You're welcome to believe what you want. My decision made sense because I did the research, interviewed the relevant experts and did an obsessive level of preparation to ensure that it would be a success.
I'm not going to jumble this thread up any more, I'll just add that, your lifters did have a pattern that you couldn't see with the naked eye. And I promise it will shorten the lifespan of your cam and lifters at this point. It has been well proven to be a fact.

As or being common to change cams without changing lifters, yeah people do it all the time. With roller lifters.

Also, how were you able to inspect your lifters for a wear pattern if they were still in the motor? How have you been able to inspect them and the cam now? Thats all I have to say about it.

Thanks

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post #1659 of 5484 Old 07-21-2011, 09:53 AM
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It has been well proven to be a fact.
Well proven by who? I've heard so many old wives' tales that everybody "knew" was true that ended up not true that I'm skeptical whenever someone claims something has been "proven". Remember, a scientific study needs both an experimental group and a control group -- i.e., a group that changed their lifters, and a group that didn't change their lifters. It also needs a sample size bigger than 1 -- a sample size of 1 has a 100% confidence interval (i.e., 0% predictive value). Where are the numbers?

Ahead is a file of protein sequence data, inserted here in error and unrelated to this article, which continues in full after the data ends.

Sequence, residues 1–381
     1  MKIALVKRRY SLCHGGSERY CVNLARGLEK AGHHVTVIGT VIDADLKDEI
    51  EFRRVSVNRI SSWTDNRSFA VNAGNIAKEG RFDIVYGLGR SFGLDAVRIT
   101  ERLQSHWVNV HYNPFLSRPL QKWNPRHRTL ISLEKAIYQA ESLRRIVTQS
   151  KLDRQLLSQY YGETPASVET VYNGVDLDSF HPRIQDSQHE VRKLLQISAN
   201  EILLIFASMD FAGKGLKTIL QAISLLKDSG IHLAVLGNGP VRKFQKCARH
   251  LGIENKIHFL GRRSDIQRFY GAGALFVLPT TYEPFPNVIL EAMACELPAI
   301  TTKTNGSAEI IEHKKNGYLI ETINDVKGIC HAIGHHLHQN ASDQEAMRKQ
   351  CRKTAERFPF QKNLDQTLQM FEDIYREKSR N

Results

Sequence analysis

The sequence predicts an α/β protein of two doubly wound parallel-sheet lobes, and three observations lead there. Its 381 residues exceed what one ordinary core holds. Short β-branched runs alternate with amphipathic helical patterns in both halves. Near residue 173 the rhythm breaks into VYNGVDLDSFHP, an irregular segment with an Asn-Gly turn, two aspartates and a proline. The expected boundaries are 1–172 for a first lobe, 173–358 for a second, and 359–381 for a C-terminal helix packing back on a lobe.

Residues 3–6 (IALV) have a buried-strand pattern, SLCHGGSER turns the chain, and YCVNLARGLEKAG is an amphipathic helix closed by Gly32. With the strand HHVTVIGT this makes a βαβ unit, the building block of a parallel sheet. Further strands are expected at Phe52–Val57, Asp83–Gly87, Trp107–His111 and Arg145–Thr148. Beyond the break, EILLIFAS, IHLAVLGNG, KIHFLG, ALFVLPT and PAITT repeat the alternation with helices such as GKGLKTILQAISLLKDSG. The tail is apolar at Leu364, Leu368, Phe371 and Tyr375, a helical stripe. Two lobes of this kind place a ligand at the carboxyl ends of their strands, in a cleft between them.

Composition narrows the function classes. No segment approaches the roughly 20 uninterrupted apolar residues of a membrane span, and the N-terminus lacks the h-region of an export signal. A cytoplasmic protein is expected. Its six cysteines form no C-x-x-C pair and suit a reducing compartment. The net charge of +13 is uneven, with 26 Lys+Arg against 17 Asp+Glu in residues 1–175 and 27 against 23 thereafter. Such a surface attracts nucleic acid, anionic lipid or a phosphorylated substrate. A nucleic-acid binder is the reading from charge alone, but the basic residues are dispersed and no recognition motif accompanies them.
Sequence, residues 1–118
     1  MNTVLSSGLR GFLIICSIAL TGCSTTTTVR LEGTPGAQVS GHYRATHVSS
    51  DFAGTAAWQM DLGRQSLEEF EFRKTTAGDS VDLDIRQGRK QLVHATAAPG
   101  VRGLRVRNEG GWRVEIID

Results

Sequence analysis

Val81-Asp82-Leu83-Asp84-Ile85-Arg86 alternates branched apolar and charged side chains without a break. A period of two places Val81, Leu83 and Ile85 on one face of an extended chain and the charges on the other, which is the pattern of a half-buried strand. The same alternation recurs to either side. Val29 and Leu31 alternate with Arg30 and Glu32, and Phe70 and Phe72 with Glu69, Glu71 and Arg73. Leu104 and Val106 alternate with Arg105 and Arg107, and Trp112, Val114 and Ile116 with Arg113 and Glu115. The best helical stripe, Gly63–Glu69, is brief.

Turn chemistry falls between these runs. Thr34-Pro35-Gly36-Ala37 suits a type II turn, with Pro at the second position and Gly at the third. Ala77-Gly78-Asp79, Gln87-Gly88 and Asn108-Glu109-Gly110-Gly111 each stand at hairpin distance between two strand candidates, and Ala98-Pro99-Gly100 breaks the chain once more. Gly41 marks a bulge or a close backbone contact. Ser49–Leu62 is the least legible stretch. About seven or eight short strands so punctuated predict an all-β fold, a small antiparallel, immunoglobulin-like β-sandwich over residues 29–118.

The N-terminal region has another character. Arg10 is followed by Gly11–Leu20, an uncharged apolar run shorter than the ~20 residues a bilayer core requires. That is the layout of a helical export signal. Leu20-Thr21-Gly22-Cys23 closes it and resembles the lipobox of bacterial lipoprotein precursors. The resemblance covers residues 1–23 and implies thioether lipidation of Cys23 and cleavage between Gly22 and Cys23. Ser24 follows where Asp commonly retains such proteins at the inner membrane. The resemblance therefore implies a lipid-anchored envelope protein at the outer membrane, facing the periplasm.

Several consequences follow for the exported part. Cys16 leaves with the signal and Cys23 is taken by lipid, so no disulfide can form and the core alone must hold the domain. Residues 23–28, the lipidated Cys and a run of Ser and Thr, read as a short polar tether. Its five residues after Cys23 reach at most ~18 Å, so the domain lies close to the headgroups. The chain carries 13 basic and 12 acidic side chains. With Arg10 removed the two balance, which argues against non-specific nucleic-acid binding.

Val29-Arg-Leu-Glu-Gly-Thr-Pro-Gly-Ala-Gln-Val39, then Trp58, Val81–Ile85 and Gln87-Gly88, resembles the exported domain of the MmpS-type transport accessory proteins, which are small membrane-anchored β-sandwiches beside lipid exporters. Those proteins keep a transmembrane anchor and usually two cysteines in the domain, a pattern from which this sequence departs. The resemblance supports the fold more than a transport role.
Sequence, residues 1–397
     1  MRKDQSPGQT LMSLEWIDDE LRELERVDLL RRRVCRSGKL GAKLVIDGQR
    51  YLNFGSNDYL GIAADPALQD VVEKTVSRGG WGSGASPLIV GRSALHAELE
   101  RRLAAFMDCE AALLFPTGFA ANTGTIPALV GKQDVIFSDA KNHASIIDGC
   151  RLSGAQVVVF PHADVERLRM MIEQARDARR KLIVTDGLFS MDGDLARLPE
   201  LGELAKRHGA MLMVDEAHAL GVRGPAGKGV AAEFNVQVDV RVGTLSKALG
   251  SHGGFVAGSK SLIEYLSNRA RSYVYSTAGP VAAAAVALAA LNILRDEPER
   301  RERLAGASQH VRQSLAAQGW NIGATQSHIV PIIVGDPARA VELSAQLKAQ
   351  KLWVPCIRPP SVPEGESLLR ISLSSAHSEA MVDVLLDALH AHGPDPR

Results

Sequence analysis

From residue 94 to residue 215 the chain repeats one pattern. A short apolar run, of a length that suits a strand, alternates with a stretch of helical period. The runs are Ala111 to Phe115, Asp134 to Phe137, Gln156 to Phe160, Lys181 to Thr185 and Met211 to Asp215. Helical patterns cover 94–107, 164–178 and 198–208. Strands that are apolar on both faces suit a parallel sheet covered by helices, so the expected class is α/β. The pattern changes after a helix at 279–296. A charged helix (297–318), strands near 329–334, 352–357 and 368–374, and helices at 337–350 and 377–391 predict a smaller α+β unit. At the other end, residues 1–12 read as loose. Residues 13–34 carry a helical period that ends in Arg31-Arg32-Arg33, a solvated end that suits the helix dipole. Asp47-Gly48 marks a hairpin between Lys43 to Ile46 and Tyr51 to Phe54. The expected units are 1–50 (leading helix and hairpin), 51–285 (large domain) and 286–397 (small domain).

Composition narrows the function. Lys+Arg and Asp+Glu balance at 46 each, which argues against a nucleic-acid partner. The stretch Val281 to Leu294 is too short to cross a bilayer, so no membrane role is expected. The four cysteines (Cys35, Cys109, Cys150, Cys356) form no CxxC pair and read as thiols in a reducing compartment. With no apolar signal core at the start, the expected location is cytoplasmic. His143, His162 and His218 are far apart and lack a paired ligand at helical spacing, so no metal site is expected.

I *know* that auto manufacturers have those numbers, because those numbers are important for deciding whether to replace cams and lifters as matched sets or not, which in turn is important for deciding what the least expensive way of satisfying warranty claims will be. But I don't have those numbers. Do you have those numbers? What are they? The O.P. says he consulted people who *did* have those numbers, and they laughed at the notion that cams and lifters had to be changed as a matched set. You say different. So what's your source?
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post #1660 of 5484 Old 07-21-2011, 10:07 AM
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Blah, blah, blah, I'm right!
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Blah, blah, blah, I'm right!
Take it somewhere else, fellas. I happen to agree with one of you, but your argument doesn't belong in this thread. Why don't you both be grown-ups and delete these posts that have sullied this important thread, please? As soon as you do, then I can delete this post (sigh)